Michigan House passes drunk driving expungement bill

The Michigan House approved a bill Wednesday that would allow an estimated 200,000 one-time drunken drivers ask a judge to set aside their convictions.

The measure now heads to the Senate. In the previous legislative session the Senate passed the legislation 32-5 and the House 96-8, but Democratic Gov. Gretchen Whitmer without comment let it die by not signing it, even after signing a slew of " clean slate " legislation to create simple avenues for expungement of other convictions.

Whitmer's office has not commented on the latest effort.

Drunken driving violations that caused death or serious injury to another person, as well as any subsequent conviction would not be eligible.

One of the sponsors of the bills, Democrat Rep. Tenisha Yancey addressed the stigma attached to drunken driving before the vote. She said shortly before her 14th birthday, her father was killed by a drunken driver and it took her years to forgive. But now she believes in second chances.

"This bill does not permit those who have caused serious injury or impairment to be eligible for an expungement," the Harper Woods Democrat said. "They are not criminals. They are our neighbors, our loved ones, our family members, our friends and our colleagues. Let us continue our support of the criminal justice reform that we have started in giving those who have accepted responsibility for their actions, a second chance."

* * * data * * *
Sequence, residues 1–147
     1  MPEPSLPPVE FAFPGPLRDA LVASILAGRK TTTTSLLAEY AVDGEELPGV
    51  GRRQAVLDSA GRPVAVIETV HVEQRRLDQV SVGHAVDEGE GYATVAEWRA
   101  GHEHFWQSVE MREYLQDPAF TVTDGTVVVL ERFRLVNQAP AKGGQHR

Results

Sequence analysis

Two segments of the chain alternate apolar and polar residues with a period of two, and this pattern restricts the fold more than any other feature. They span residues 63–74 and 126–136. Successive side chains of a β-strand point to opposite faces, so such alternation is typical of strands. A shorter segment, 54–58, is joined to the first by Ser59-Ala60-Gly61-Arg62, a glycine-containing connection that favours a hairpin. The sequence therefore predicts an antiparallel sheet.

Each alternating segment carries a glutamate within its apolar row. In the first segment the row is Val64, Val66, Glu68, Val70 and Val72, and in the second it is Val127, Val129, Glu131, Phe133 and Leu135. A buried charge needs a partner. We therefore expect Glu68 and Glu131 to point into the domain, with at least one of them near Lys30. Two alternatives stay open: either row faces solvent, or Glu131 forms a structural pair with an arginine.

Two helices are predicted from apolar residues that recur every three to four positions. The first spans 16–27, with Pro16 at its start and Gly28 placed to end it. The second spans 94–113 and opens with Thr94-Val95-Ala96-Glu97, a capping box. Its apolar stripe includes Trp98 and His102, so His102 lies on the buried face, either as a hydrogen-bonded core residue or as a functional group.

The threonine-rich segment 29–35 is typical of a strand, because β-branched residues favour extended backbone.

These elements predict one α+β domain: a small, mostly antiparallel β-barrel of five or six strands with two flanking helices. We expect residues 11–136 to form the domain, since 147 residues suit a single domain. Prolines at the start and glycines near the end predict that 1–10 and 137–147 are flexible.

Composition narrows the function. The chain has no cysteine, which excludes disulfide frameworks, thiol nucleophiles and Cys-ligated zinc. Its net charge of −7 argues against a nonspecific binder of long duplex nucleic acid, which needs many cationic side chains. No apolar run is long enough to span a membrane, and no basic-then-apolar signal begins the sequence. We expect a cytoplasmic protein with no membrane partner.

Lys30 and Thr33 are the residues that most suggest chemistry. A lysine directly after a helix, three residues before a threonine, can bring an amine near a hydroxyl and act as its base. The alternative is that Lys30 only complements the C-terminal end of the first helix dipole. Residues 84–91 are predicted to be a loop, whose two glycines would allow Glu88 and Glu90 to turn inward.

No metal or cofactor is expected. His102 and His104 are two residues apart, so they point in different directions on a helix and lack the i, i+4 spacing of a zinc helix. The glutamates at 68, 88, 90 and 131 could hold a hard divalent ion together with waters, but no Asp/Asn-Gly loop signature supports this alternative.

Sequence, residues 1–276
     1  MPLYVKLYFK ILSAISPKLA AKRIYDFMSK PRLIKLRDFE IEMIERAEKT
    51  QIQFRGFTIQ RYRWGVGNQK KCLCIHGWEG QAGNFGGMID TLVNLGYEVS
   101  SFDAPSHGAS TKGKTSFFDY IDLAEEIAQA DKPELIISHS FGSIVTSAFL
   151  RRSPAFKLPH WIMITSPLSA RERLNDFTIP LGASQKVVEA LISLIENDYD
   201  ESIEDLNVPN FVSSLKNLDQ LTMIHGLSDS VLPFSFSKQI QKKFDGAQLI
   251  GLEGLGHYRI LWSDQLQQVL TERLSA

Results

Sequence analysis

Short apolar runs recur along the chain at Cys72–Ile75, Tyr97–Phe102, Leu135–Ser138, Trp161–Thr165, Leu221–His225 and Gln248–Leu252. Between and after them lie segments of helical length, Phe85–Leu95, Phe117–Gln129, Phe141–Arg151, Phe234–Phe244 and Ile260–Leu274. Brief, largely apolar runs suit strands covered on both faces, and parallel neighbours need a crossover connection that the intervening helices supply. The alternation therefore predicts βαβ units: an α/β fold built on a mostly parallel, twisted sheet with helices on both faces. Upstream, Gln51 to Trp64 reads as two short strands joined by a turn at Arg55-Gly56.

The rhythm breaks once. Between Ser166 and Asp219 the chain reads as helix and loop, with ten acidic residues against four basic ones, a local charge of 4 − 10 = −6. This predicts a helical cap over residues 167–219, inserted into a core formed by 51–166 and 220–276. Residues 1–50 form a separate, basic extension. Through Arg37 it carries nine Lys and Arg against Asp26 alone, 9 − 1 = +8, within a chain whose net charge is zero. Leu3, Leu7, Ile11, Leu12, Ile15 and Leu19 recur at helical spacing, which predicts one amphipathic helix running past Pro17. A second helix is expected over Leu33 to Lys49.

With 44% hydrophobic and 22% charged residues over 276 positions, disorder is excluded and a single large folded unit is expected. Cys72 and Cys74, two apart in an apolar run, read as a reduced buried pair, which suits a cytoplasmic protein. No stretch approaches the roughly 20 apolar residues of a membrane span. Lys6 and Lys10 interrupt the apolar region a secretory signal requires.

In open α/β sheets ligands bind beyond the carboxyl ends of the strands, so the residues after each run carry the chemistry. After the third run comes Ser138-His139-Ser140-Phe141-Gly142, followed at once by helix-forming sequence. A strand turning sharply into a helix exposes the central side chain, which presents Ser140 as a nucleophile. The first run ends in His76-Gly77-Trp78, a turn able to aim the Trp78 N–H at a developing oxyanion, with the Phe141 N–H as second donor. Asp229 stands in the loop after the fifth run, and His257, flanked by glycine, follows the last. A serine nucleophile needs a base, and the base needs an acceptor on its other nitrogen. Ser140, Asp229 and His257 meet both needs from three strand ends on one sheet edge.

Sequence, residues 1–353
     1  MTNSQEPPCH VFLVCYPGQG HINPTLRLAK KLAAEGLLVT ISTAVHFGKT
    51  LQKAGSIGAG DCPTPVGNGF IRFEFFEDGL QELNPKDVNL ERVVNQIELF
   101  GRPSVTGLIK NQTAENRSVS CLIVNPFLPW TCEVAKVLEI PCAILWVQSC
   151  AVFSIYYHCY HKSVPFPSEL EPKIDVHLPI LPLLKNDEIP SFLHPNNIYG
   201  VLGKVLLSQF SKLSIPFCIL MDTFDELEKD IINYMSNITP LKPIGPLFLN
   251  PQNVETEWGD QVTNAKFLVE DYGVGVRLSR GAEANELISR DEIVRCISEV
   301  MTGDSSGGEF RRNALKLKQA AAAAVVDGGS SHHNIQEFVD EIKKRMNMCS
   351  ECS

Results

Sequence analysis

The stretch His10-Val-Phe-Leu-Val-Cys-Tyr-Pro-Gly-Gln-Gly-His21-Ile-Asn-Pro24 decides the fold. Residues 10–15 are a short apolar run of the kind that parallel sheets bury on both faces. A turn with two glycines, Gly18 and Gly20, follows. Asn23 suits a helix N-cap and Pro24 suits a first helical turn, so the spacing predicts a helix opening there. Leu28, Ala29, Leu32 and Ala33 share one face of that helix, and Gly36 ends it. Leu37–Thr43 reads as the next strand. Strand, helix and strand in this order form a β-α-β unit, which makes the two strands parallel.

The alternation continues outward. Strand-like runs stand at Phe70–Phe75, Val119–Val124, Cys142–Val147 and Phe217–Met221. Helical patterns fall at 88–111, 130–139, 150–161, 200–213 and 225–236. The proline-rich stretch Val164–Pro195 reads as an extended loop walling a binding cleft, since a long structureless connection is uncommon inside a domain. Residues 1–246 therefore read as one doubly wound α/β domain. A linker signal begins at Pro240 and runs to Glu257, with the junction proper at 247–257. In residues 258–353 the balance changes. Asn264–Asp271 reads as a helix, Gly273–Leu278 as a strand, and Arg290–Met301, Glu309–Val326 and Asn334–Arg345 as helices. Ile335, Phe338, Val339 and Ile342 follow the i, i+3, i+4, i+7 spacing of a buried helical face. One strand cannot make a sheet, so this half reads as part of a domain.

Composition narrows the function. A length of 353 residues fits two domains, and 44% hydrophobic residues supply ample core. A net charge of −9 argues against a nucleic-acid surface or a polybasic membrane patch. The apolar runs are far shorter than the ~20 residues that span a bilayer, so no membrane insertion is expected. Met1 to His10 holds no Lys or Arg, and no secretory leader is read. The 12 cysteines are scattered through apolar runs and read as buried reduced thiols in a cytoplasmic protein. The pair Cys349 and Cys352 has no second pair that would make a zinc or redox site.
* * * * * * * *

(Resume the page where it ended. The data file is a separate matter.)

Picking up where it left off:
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It's expected that this legislation will help hundreds of thousands of individuals restart their lives and this just another step in reforming the state's justice system CEO of the Michigan League for Public Policy Gilda Z. Jacobs said in a statement Wednesday.

"A one-time mistake will no longer hinder these folks' future earnings, stability and well-being, and the legislation still includes safeguards to address more serious or habitual offenses," Jacobs said. "Policymakers have been working hard to make sure the state's punishments are commensurate with the offenses, and this is another effort to cease creating perpetual harm based on a one-time lapse in judgment."

In February, Democratic state Attorney General Dana Nessel offered her support for the legislation during a House Judiciary Committee hearing saying she was disappointed it didn't become law the last time it landed on the governor's desk.